Bottle Shares at Tasting Rooms Are Inconsiderate
When I first got into visiting brewery tasting rooms, I quickly began meeting like-minded people. People who were really into beer and beer culture. I learned a lot about different beer styles, homebrewing, beer trading, trolling on beer message boards, upcoming festivals, trends and so on.
Another thing that quickly caught my attention was that the customers of the local tasting rooms in my area would always bring a tote bag with a few special bottles with them. As some of these new breweries got more popular and more crowded, I would notice people would start rolling in coolers, and next thing you know, there was a full on bottle share happening. Similarly, there has always been a tradition of bringing bottles to share when standing in line for a brewery only bottle release. While sharing was the main theme going on, there was also a vibe in the air that pointed to one-upmanship. I may be speculating, but that was how I felt.
For a few years, I too would participate in this sub-culture of craft beer. While I consider myself to be more of a leader than a follower, I wanted to fully embrace the culture, so I would also bring in bottles whenever visiting my local tasting rooms. Everyone loves a good bottle share. Being able to sample dozens of beers that would otherwise take tons of effort, all while taking down notes and discussing whether or not the beer was worth the hype was fun and educational for me.
The one day it hit me!
I had this overwhelming notion that bringing in outside beer to a tasting room selling beer at the level others were doing seemed extremely rude and inconsiderate. I can only speak for what I saw a few years ago when I was in the thick of it, and what I hear is still happening these days.
Think of it like this: You want to host a fancy dinner for a group of friends. You want to prepare a prime rib roast with all the trimmings. Three of your friends show up. “Hey, we just got back from crabbing, here’s 20 pounds of crab and a couple pounds of butter, let’s dig in.” They are essentially stealing your thunder and not considering the time, love and effort put into that dinner you’ve been preparing.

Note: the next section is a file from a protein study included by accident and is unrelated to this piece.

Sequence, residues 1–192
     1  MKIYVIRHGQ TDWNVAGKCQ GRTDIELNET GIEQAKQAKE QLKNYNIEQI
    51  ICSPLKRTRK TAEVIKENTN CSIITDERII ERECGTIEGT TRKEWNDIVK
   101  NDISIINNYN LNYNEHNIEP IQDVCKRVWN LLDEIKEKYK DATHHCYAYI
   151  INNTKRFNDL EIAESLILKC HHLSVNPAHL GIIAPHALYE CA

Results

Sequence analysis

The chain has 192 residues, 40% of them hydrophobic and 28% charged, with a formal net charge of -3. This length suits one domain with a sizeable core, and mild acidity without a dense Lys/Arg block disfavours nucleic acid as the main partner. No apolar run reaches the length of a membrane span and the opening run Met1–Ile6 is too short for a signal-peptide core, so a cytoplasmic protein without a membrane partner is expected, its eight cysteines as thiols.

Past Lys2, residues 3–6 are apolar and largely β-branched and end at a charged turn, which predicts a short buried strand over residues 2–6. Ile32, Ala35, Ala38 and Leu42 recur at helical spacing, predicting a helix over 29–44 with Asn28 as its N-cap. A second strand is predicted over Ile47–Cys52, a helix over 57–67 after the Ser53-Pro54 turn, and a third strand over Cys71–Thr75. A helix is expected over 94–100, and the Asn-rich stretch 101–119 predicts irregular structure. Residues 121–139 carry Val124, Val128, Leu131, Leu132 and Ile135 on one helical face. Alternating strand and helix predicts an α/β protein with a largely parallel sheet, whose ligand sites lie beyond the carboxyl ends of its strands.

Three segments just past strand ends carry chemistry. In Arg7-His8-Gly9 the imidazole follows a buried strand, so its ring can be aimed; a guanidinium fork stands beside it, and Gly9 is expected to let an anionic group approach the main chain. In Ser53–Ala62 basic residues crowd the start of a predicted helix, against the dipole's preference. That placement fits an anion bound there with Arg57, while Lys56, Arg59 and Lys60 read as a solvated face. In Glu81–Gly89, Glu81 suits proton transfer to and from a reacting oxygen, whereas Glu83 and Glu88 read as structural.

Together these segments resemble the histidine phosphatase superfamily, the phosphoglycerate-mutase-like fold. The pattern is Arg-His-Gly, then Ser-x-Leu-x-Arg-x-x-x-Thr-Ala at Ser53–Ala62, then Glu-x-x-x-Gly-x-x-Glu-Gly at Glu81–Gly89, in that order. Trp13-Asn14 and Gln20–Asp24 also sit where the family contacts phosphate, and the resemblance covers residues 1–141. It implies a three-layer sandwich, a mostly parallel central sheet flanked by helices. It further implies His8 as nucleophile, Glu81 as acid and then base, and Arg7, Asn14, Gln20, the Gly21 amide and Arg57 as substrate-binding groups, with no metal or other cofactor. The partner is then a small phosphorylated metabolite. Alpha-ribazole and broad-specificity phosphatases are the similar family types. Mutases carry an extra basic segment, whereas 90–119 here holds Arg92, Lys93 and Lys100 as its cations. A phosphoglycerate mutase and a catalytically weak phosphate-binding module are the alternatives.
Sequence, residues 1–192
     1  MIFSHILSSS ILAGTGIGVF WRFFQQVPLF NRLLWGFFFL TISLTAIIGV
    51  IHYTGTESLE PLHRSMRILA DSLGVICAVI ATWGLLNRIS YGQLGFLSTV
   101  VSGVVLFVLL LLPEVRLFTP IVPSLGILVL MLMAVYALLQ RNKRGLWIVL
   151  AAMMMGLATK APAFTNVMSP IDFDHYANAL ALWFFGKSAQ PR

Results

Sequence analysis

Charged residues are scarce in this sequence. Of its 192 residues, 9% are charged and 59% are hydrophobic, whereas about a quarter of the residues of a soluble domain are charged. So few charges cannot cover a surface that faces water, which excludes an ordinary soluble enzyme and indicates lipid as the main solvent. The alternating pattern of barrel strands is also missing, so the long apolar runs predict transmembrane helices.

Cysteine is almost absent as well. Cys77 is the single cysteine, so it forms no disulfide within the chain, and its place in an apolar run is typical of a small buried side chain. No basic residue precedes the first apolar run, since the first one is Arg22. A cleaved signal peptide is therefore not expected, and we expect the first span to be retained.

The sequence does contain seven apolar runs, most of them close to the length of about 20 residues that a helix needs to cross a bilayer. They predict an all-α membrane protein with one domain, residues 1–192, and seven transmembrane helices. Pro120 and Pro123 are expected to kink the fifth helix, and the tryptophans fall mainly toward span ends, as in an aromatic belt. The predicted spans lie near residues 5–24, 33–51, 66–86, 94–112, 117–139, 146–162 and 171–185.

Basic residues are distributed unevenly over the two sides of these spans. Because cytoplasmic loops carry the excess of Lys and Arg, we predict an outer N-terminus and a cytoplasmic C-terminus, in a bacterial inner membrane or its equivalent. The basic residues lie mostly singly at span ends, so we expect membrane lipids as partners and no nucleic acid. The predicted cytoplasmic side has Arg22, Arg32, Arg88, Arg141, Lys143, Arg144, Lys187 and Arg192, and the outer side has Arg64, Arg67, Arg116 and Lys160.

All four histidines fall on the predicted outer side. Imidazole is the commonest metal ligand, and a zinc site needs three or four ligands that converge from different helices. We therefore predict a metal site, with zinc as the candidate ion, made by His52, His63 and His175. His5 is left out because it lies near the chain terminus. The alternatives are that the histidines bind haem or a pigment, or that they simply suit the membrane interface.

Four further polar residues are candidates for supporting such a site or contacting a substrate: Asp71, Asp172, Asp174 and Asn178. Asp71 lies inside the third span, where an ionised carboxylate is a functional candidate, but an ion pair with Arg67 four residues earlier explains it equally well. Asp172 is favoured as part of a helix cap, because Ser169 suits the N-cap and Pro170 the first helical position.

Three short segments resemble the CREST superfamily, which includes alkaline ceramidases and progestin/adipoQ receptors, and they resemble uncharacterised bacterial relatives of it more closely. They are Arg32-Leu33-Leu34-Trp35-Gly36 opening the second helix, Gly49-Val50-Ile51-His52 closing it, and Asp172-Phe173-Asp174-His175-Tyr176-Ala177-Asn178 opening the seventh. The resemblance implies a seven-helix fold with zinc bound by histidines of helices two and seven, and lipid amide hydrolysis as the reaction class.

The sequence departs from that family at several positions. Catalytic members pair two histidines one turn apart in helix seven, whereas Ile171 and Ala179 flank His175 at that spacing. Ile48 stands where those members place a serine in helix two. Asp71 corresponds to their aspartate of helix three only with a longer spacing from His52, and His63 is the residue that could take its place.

Because I also consider beer an art, another analogy that comes to mind would be to show up to a concert in the park and begin listening to other music on your headphones. Having what amounts to a planned gathering with other brewer’s beer in the brewer’s tasting room is doing just that in my view.
Besides the opinion that you might be offending your host and not purchasing their goods (the whole point of going to a brewery tasting room), if you have any taste in beer, you are probably in a tasting room with some amazing, fresh beer.
Another point to consider is you might be adding to the tasting room staff’s workload. I know when I was in the thick of this, often times, extra glassware was provided, and more trash was accumulated due to empty bottles.
I know there are still some “sharing with the community” aspects to bringing special bottles into a tasting room, but to me, the nuisance and lack of consideration outweighs the goodwill.
Are you one of the people who bring bottles into tasting rooms to share? Are you a tasting room staff member? We’d like to hear your opinion on this.